Fouzieyha Towghi is conducting research in the US (University of California, San Francisco), India (New Delhi, Mysore, Bangalore, Mumbai and Ahmadabad) and Switzerland (World Health Organization in Geneva and also the United Nations offices and archives). The postdoctoral research is framed within her broader doctoral research in Pakistan in which she investigated the effects of the evolving agenda for Global Reproductive Health of women and the globalization of reproductive technologies. In addition, it extends her continued interest in exploring the social constructions, translations, and transnational circuits of emergent and revised scientific and medical understandings of women’s bodies and social status, disease etiology and epidemiology, and effective health care for marginalized communities.
Institutional website: http://www.ethno.uzh.ch/aboutus/people/fouzieyhatowghi_en.html
- Cohen, Lawrence. 2005. “Operability, Bioavailability, and Exception,” in Ong, A. and S. Collier (eds.): Global Assemblages: Technology, Politics, and Ethics as Anthropological Problems. MA: Blackwell.
- Randeria, Shalini (ed.) 2010 (forthcoming). Border Crossings: Grenzverschiebungen und Grenzüberschreitungen in einer globalisierten Welt, Zurich: vdf Hochschulverlag.
- Randeria, Shalini. 2007. Staatliche Interventionen, Bevölkerungskontrolle und Gender: Indien und China im Vergleich, in: Klinger, Cornelia et al. (eds.): Achsen der Ungleichheit: Zum Verhältnis von Klasse, Geschlecht und Ethnizität, Frankfurt/New York: Campus Verlag, pp. 235-256.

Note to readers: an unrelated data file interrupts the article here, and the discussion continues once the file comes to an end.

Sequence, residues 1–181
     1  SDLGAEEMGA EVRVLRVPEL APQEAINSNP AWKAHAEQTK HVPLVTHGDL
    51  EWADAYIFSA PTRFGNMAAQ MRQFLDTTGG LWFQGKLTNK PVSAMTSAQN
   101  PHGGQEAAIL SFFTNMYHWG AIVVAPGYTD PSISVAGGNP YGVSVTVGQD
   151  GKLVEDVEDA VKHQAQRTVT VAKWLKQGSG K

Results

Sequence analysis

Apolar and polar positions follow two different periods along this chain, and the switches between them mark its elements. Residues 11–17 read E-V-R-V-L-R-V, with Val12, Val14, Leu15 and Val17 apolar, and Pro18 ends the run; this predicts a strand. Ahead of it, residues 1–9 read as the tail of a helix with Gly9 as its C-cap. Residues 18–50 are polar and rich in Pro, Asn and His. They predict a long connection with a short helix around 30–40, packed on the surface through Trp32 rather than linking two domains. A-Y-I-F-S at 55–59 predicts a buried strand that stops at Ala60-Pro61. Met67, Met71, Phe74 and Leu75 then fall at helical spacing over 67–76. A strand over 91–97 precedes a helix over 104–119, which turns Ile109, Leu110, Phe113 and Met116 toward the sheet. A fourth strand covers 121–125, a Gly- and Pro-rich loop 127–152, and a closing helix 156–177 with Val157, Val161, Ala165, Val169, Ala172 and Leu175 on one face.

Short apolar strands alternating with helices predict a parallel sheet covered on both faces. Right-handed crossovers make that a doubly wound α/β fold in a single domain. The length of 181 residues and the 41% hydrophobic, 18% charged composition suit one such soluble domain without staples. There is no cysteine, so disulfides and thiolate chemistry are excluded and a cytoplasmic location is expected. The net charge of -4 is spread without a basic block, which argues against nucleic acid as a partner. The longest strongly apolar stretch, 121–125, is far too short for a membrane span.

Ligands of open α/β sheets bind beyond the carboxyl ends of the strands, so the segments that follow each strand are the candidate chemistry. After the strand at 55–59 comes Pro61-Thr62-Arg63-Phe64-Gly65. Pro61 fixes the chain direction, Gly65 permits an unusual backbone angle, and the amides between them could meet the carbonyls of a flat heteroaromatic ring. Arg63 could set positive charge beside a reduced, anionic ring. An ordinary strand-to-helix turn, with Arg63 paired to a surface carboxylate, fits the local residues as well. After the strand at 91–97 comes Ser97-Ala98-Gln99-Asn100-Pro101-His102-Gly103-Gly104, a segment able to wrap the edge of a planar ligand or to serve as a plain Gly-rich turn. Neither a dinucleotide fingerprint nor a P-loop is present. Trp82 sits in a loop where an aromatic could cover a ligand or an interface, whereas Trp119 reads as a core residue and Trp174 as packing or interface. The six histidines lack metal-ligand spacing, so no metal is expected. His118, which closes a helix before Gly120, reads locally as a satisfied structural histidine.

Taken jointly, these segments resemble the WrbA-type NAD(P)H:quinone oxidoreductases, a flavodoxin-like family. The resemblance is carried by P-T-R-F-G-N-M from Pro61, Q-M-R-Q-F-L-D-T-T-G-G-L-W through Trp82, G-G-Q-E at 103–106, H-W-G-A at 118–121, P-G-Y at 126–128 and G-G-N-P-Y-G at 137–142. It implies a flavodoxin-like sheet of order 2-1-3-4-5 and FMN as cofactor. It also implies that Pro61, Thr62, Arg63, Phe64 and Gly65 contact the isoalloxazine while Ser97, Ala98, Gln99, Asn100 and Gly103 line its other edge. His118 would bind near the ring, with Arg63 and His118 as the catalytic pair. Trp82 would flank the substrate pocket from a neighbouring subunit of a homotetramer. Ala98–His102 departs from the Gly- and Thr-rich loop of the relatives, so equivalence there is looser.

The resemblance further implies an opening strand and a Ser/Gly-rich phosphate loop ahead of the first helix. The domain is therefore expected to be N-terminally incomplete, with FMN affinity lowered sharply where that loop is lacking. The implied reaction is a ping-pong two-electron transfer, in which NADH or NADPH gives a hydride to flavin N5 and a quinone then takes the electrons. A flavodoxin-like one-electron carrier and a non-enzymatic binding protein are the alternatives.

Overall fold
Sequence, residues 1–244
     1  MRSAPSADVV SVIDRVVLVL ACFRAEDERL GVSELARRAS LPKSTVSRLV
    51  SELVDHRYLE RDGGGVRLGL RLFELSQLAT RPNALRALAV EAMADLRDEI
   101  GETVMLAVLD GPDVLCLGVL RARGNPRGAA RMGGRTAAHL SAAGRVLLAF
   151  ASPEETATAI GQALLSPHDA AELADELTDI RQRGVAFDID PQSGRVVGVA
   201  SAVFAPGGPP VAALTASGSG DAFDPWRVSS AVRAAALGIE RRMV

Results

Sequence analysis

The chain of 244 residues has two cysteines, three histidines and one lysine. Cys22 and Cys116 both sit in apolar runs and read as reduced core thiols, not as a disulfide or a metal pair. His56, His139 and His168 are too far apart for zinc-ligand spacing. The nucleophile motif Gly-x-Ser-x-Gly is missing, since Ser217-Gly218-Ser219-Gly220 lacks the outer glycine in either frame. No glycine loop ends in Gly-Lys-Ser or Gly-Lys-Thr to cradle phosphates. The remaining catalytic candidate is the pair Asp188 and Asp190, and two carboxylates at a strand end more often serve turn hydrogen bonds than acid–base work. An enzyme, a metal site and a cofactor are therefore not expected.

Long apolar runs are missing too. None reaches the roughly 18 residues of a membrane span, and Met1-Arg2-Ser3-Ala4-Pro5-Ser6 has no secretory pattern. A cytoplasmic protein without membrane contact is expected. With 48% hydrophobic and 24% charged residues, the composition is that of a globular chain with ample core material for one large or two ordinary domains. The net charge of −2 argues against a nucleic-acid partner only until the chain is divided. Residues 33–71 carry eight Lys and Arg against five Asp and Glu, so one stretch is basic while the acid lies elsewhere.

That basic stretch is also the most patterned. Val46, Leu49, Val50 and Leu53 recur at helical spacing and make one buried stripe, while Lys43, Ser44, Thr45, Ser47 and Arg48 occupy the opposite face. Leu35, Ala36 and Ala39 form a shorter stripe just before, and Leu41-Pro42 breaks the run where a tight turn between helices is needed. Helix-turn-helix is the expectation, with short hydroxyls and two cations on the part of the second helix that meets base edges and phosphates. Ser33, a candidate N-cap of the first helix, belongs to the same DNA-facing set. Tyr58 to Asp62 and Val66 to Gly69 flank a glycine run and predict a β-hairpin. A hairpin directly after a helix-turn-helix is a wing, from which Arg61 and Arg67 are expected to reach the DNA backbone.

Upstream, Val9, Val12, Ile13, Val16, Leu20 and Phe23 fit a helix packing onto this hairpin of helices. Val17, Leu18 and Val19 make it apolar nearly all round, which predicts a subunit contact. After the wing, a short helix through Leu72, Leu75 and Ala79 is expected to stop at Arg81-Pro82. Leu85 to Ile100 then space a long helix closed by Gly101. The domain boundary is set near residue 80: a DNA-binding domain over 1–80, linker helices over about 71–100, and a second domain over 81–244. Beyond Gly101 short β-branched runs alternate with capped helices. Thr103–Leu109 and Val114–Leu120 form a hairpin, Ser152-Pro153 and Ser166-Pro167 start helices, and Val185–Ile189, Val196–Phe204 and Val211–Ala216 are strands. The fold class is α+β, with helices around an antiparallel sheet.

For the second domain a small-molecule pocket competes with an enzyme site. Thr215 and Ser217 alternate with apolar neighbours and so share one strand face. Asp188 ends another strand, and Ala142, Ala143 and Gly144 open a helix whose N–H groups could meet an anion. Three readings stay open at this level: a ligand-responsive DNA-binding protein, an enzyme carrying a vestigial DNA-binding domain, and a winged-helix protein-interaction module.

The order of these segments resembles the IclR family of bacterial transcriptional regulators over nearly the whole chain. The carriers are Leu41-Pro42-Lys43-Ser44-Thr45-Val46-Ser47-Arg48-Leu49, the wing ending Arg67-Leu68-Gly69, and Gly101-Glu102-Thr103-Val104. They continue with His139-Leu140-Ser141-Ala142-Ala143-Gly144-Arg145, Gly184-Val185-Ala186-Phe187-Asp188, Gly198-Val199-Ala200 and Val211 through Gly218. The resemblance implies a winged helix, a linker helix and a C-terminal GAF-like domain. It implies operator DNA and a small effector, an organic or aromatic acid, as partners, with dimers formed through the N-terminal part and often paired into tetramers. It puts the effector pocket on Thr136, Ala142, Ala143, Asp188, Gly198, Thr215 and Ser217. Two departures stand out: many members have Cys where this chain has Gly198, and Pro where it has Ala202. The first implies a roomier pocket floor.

- Randeria, Shalini (editor with Jonathan Friedman). 2004. Worlds on the Move: Globalisation, Migration and Cultural Security, Toda Institute Book Series on Global Peace and Policy Research, 6, London: I.B. Tauris
- Towghi, Fouzieyha. 2012 Cutting in-operable bodies: Particularizing
rural sociality to normalize hysterectomies in Balochistan, Pakistan.
Medical Anthropology 31(3):229-248.
- Towghi, Fouzieyha. 2013. “The Biopolitics of Reproductive Technologies Beyond the Clinic:
Localizing HPV Vaccines in India.” Medical Anthropology. Special Issue in honour of Margret
- Towghi, Fouzieyha. Forthcoming. “Bodies, Markets, and the Experimental.”
(Introduction with Kalindi Vora), Submitted August 2011 and Accepted
for Special Journal Issue of Ethnos: Journal of Anthropology.
Towghi, Fouzieyha. Forthcoming. “Normalizing Off-Label Experiments and
the Pharmaceuticalizing Homebirths in Pakistan.” Submitted August 2011
and Accepted for Special Journal Issue of Ethnos: Journal of
- Towghi, Fouzieyha and Shalini Randeria. 2013. Pharmaceutical mobilities
and the market for women’s reproductive health: Moving HPV-vaccines and
contraceptives through NGOs and the state in India. In Critical Mobilities, O. Söderström, D. Ruedin, S. Randeria, G. D’Amato, and F.
Panese, eds. London: Routledge